A pair of twenty-something filmmakers made a 30-minute short called “My Annie Hall,” starring members of a New York City senior center. Matt Starr and Ellie Sachs did not seek writer-director Woody Allen’s approval to use copyrighted material from “Annie Hall” — the winner of four Oscars, including Best Picture of 1978 — but received it nonetheless. Allen’s publicist told The New York Times via email that the 82-year-old auteur “thought it was funny,” and “saw no reason to interfere with those seniors’ enjoyment of life.”
The project began after Starr was pleased to learn that watching “Casablanca” with his grandmother — a dementia patient — allowed them to have a normal conversation. He and his girlfriend and fellow artist, Sachs, next led a weekly Interpretive Cinema class at the Upper East Side’s Lenox Hill Neighborhood House. They showed their students 10 classic trailers, took a vote, and then decided to make their own version of “Annie Hall.”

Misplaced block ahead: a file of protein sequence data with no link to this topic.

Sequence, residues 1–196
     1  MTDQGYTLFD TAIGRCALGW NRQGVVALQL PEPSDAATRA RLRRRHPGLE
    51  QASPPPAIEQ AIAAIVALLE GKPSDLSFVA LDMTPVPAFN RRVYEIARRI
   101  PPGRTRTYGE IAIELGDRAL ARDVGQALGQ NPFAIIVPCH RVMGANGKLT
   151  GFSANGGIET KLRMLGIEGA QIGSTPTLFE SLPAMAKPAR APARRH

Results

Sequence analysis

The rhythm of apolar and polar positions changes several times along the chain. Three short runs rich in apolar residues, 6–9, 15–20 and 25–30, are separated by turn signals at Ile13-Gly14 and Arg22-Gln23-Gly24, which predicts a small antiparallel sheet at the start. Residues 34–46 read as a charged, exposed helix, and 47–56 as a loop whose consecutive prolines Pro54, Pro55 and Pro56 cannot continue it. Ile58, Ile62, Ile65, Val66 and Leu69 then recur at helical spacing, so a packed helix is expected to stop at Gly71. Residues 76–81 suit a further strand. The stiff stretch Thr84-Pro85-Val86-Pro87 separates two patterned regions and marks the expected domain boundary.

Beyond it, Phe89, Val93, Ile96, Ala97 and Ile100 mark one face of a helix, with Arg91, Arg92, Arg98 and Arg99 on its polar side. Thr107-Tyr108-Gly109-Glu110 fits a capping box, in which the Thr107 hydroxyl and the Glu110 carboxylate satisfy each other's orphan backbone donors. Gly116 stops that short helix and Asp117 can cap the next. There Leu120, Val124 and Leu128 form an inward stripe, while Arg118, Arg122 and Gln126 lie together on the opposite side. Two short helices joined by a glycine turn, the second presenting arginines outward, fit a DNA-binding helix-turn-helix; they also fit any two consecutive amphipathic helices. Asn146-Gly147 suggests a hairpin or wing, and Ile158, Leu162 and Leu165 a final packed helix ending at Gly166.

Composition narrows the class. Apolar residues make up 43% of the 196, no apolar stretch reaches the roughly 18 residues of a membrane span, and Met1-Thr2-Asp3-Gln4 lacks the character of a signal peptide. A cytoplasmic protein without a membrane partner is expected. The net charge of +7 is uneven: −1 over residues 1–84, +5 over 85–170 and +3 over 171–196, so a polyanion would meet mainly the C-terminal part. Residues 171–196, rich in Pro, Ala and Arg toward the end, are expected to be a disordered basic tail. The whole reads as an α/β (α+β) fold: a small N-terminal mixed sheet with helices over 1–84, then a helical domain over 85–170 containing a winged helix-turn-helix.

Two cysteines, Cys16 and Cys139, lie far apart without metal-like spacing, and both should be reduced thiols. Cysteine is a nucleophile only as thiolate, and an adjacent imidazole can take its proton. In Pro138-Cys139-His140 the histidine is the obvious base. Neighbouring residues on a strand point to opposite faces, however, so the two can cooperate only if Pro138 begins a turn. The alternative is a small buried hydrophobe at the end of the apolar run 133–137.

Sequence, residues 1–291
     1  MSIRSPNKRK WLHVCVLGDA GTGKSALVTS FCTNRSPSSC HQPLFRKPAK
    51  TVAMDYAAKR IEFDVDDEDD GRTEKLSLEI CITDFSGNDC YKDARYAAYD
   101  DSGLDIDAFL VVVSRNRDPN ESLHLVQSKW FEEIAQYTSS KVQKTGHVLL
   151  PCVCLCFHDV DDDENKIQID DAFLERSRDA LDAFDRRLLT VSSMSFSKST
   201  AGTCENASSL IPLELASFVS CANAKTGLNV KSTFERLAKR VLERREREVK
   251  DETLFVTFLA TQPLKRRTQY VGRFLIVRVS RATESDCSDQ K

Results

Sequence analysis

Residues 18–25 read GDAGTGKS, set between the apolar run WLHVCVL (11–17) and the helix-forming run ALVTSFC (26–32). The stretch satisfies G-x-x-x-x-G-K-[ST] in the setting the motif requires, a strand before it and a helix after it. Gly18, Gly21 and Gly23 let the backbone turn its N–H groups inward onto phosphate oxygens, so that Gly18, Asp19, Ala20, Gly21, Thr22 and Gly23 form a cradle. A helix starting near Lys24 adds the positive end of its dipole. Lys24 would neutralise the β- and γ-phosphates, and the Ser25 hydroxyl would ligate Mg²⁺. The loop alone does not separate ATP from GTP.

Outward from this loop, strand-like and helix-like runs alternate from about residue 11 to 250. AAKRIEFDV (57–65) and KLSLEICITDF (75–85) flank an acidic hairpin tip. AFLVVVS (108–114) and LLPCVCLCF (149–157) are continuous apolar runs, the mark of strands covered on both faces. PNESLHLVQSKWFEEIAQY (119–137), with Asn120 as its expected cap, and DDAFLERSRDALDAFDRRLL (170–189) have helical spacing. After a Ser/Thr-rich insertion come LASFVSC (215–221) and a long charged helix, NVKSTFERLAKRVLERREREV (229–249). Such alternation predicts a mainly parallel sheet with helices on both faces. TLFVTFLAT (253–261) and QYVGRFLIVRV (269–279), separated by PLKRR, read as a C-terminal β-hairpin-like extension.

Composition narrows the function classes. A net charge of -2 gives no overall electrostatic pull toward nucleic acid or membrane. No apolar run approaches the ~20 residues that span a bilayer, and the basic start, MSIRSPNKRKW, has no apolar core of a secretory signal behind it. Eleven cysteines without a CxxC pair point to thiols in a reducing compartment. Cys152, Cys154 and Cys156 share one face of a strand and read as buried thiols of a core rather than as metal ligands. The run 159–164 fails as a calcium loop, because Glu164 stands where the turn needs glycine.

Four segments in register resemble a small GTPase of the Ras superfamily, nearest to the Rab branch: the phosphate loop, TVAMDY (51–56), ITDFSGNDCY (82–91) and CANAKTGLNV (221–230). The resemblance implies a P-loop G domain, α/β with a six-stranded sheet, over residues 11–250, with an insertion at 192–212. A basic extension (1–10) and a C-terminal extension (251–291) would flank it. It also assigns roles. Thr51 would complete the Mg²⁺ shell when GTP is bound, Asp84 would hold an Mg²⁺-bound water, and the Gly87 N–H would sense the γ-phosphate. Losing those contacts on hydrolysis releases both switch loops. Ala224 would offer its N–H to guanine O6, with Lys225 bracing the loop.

A 20-person volunteer crew was assembled for three months of shooting. Following rounds of auditions, Shula Chernick, 73, and two-time Emmy-winning scenic designer Harry Miller, 94, stepped into the respective roles of the titular photographer/singer (Diane Keaton) and comedian Alvy Singer. Starr and Sachs (who also co-star) successfully raised $11,000 for the tribute; contributors included “Curb Your Enthusiasm” regular Jeff Garlin. Two Lenox Hill screenings have happened since December — but alas, there’s no plan yet to make the film available in its entirety.
Watch the IndieGogo campaign video for “My Annie Hall” below.